As a doctor and a hospice volunteer, one of the most common fears that I encounter in my job is the fear of dying. In fact, it so common that it’s considered a normal fear.
More than one-third of Americans have died in their own homes from natural causes. And more than one-third of those died in their infancy or childhood.
While such deaths are avoidable, it is by no means easy to avoid; and so at some point in your life you’re going to be faced with a decision.
Every year more than forty-five thousand people die in the US – one every day. Many of them are poor, some middle class, and some very well off. And though we try to ensure that every world Poeterto die is old enough to avoid the hardships of old age, many of us aren’t. Still, death comes to those who love others… and tries to make them close.
So what to do about this fear of dying?
The first thing you can do is try not to think about it.
At my funeral last month, a friend told me that my death was difficult for her. It caused her some suffering. I’ve been able to help her, but she’s not alone in this. I’m sure you can relate to this.
So I don’t Even have to think about my own death.
There are thousands of people with terminal illnesses and the question of dying is still open. Even after death is assured, the question of dying embarrasses us all.
One of my favorite stories of assured dying is the story of the drowned man who reunited with his body. A good Christian man, he was assured that he would rise from the water. Surely, that would have given him comfort in his final hours. It was even offered to him by a selfish human who didn’t know the details of his wife’s private matter. The moral of the story, “Don’t expect grace in extraordinary circumstances” holds especially true for the believer.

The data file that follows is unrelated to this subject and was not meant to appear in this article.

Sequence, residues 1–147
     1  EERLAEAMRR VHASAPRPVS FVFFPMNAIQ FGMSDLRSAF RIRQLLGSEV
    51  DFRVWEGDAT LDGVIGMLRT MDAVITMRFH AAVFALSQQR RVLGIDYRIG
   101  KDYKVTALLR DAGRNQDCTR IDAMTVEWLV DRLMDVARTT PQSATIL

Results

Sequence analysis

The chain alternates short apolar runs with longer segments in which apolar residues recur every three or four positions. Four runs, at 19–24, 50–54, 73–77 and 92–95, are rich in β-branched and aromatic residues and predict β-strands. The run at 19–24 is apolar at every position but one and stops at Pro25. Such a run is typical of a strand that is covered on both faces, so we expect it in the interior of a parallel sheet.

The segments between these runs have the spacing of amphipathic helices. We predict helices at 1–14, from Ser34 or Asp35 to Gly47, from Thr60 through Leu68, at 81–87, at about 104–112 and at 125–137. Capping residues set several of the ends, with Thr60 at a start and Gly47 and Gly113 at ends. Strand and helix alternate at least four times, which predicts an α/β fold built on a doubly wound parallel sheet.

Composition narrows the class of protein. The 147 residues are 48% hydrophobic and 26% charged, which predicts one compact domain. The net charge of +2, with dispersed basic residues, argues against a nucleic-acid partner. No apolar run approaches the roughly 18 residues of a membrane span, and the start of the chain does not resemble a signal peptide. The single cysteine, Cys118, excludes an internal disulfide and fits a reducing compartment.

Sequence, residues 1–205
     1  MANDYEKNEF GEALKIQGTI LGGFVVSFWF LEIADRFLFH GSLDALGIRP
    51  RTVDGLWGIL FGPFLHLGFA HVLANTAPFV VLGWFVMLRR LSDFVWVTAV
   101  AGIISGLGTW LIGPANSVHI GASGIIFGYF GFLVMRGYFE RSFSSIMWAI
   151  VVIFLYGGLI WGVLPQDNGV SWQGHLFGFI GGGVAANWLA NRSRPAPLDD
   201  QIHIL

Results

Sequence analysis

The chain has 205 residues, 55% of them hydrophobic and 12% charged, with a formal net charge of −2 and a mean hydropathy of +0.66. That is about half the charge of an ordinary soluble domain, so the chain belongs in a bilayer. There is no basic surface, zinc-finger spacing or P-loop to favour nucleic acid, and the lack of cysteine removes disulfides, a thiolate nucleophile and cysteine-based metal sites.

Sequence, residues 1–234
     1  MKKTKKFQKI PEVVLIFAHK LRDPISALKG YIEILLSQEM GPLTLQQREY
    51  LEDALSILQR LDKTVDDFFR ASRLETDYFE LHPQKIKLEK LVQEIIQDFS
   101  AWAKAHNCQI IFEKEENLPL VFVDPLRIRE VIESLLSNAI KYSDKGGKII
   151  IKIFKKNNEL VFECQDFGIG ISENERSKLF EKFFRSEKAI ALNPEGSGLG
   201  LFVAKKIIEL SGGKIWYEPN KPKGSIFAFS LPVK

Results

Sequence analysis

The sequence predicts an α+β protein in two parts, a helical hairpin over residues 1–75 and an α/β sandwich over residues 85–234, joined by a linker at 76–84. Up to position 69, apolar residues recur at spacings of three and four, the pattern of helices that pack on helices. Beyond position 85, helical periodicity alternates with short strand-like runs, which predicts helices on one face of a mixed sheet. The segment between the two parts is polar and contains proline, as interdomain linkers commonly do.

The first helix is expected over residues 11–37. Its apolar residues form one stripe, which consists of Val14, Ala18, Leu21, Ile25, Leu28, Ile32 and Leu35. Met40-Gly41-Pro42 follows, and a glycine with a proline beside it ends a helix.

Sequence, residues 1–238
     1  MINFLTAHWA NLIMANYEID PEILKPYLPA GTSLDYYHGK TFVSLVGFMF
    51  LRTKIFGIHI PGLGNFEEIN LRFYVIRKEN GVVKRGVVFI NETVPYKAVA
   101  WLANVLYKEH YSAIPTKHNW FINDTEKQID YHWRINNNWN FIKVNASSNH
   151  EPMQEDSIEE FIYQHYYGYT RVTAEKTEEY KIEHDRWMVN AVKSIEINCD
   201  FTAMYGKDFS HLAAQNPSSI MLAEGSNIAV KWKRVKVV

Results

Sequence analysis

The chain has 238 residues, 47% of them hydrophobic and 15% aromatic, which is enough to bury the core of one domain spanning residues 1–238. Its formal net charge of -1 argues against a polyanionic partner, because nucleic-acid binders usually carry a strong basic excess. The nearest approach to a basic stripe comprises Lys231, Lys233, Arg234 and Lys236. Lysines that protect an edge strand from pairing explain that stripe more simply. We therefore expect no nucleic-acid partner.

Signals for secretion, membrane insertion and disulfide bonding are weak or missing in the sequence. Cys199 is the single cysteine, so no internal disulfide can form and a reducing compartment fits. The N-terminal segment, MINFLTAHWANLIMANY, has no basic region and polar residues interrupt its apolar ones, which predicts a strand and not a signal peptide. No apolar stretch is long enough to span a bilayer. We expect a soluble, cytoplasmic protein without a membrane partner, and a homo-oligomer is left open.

Don’t you suffer from solace because you expect God to be good to you, when you can’t see anything good?
That’s the other story. The one that brings despair to the heart and the one that can’t be solved through the basic human knowledge of good and evil.
It brings a sort of relief when you know that your dilemma is a thin veil so thin that even if the actual event were a killer many would feel justified in taking the life of that person who must have seemed so good to so many. Even though it’s just an idea, it gives comfort to heart to think that their beloved loves ones, even though they are no more, might be better after that person who has passed.
In both of these stories, the obvious lesson is that our problem is not with the event itself. Our problem is that we will always be faced with that event, even if it’s just in our thoughts. And no matter how bad we think the event, or the aftermath, an event occurs in nature when our behavior changes. It’s part of the job of life.
The buried message is a sad one: this life, which is just a drop in the bucket compared to infinity, is enough.
What we should learn, and something that’s repeated across the ages, is that life is what we choose it to be. It’s our freedom to live it up or to die. Most of us live in fear that we might live up to our potential, and when we meet that fear, we experience an emptiness that means we’ve failed.
If killing is what gives meaning to our existence, then certainly that meaning will be less than no meaning at all. I’m sure that’s not rallying to any success.
You’ll die without meaning. That’s one way to know you’re dying. You won’t have a physical reason, yet, to live. You will just declare that you’re dying.
And your reasons to live will no longer be able to be described in words.
The meaning of life has to be experienced, even if from a distance.
If we could take the analogy of a Golf Ball and a PEZ dispenser as the basics of a meaningful life, that would still provide an infinite supply of golf balls and PEZ dispensers.
However, those golf balls and PEZ dispensers can hardly satisfy all of our desires, can they?
Even some of the greatest minds in the history of philosophy were frustied by the unending quest for meaning.
Socrates was deeply frustrated by the fact that he constantly saw the cold, empty eyes of his soul as being the source of all of his problems.